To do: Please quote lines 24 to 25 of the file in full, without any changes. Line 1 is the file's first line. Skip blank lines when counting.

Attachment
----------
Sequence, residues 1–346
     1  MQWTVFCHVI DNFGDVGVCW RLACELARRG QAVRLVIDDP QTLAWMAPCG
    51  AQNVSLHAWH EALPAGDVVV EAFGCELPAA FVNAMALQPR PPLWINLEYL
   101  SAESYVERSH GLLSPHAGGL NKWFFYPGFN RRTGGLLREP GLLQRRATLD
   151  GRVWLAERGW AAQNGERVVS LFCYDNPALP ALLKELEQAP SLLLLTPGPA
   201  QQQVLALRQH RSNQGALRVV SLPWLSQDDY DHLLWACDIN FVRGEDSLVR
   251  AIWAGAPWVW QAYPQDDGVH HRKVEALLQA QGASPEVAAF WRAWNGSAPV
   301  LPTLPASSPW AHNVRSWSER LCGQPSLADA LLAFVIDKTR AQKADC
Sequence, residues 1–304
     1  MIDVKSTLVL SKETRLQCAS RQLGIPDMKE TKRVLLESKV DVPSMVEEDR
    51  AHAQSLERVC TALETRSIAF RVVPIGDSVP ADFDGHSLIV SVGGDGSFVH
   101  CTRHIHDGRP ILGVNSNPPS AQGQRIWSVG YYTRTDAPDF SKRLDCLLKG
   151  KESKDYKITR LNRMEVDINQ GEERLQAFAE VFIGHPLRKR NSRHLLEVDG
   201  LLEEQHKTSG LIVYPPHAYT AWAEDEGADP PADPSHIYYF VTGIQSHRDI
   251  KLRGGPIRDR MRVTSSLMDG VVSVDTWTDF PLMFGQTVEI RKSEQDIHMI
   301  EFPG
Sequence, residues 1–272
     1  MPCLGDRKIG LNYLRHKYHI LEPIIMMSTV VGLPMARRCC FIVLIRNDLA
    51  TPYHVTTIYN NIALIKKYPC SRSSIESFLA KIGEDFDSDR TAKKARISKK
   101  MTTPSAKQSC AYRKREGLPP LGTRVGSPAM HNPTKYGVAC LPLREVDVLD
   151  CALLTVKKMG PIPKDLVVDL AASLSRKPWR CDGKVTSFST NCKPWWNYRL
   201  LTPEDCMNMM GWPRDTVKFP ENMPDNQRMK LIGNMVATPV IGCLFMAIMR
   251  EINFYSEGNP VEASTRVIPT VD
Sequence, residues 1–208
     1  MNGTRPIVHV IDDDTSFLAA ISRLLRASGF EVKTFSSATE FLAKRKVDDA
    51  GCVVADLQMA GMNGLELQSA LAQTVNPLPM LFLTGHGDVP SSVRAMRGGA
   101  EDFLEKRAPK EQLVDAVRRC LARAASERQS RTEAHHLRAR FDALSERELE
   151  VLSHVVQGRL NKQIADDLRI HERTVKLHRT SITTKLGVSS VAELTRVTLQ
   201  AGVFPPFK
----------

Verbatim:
Sequence, residues 1–208
     1  MNGTRPIVHV IDDDTSFLAA ISRLLRASGF EVKTFSSATE FLAKRKVDDA